While exposure to allergen in a sensitised individual can elicit an eosinophilic response, the triggers of the noneosinophilic phenotypes have been less well studied. Chronic infection is a possible cause, since infections typically elicit a neutrophil response similar to that observed in neutrophilic asthma (NA). This response is mediated via innate immune activation and evidence of innate immune dysregulation in adults with NA has previously been reported . In that study, there was significant upregulation of Toll-like receptor (TLR)2 gene expression and a corresponding increase in CXC ligand 8 (interleukin (IL)-8) in NA. While viral infection is a frequent cause of acute asthma and airway neutrophilia, this is usually mediated by TLR3 or TLR7 activation and does not explain the neutrophilic responses that are seen in stable asthma. These data suggest that other organisms capable of both chronic and acute infection, and eliciting TLR2 mediated responses, may be relevant in noneosinophilic asthma (NEA).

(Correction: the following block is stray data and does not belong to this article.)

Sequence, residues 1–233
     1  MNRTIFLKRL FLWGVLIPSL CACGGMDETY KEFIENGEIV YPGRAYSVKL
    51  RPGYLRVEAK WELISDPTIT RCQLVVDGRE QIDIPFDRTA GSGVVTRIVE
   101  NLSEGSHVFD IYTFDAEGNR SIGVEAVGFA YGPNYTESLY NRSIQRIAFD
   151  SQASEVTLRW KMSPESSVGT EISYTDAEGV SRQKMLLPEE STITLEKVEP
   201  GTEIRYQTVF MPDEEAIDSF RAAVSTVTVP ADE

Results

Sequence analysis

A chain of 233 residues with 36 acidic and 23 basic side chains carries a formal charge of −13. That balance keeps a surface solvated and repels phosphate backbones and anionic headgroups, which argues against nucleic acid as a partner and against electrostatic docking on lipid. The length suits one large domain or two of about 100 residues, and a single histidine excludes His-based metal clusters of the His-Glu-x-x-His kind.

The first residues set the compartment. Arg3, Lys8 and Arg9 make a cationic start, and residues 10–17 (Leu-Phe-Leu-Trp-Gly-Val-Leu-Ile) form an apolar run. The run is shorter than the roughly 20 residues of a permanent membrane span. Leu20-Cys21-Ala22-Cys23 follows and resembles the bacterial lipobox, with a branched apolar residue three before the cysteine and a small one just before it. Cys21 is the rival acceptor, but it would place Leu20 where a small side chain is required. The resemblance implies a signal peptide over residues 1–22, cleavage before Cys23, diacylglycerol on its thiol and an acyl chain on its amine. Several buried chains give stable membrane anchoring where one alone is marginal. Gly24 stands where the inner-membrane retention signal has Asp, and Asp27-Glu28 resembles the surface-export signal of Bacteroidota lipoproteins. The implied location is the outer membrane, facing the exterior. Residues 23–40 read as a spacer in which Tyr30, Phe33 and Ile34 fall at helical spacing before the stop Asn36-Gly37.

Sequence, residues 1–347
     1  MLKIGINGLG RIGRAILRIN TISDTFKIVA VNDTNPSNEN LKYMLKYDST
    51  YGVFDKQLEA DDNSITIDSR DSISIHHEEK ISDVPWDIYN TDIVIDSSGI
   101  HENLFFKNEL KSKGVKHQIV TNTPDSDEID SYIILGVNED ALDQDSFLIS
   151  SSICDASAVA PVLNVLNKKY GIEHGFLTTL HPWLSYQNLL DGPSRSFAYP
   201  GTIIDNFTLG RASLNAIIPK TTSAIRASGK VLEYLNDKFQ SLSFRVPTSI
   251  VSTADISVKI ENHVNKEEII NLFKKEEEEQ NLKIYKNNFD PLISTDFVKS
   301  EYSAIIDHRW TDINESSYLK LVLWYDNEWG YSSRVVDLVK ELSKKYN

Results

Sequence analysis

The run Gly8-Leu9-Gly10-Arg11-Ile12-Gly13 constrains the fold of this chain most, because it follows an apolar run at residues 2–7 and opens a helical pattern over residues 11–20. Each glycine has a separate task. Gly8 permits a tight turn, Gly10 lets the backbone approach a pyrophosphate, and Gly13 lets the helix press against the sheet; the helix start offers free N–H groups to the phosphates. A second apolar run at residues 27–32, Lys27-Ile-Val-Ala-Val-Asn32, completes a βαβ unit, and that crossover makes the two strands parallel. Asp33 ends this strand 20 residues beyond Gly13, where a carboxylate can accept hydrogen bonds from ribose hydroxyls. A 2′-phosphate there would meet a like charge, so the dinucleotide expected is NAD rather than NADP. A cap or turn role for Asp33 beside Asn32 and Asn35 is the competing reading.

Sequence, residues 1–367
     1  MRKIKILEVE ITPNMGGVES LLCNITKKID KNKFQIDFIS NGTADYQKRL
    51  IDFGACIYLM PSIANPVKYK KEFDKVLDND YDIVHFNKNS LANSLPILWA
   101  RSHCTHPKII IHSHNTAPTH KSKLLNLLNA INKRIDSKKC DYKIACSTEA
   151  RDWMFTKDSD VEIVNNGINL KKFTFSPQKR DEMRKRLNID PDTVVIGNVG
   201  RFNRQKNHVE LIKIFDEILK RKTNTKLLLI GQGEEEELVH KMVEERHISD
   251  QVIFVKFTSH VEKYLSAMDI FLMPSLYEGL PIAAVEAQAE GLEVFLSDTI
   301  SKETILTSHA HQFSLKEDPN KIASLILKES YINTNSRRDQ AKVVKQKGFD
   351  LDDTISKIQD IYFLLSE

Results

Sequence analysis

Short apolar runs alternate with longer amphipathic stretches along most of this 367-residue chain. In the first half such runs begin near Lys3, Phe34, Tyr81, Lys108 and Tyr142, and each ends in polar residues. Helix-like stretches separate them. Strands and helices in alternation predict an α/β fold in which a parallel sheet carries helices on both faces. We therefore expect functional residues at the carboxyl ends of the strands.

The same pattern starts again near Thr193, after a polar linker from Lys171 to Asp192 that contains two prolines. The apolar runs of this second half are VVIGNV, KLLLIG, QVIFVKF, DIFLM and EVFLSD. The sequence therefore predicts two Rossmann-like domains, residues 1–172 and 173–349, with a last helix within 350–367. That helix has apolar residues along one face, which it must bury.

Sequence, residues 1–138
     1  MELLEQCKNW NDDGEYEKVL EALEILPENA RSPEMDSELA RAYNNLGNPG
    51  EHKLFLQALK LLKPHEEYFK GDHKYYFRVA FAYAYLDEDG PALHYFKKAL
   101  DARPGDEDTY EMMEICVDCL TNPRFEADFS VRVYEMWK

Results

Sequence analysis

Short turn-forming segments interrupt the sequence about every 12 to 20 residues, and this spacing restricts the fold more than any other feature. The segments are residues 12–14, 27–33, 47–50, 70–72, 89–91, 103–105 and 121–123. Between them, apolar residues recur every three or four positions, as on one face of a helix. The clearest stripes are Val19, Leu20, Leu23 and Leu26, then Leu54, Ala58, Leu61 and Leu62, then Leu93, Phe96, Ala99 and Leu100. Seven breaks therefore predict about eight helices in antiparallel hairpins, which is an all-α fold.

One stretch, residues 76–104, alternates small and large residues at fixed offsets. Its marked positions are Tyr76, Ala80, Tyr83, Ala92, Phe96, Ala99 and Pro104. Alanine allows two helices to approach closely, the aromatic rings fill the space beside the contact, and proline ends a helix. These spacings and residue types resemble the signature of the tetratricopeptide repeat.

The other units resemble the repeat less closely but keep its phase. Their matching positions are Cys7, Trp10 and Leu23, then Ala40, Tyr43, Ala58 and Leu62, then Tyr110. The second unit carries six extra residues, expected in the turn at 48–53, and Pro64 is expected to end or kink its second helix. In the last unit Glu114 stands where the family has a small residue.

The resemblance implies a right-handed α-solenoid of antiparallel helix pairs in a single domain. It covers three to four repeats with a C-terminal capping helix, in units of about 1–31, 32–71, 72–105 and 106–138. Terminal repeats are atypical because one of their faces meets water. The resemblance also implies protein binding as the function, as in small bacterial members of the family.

Chlamydophila pneumoniae is a potential cause of NEA, since it causes both an acute infection and a chronic persistent infectious state with reactivation . C. pneumoniae infects lung tissue and elicits an innate immune response that is mediated via TLR2  and results in neutrophilic inflammation . C. pneumoniae has also been reported to worsen asthma severity  and be a cause of asthma exacerbation . NA occurs typically in older adults and there is evidence that C. pneumoniae infection might precede the onset of adult asthma, as well as persisting in stable chronic asthmatics . Furthermore, the noneosinophilic phenotype of severe asthma is improved by macrolide antibiotics, a class of drugs that are active against C. pneumoniae . C. pneumoniae detection may be higher in children or in acute exacerbations of asthma, where there is also heterogeneity of the inflammatory response. Thus, C. pneumoniae may play a potential role in modulating the different inflammatory phenotypes of asthma, and NA in particular. The potential mechanisms include chronic persistence of C. pneumoniae in NEA, or acute infection with clearance of the organism but persistent immune reprogramming that leads to the immunopathology of NEA [4, 10]. The latter mechanism is biologically plausible and has support from model systems of asthma [4, 10]. Real-time PCR is an effective method for detecting C. pneumoniae using induced sputum . The major outer membrane protein (MOMP) gene has previously been shown to be a good genetic marker for C. pneumoniae in other real-time PCR-based studies [12, 13].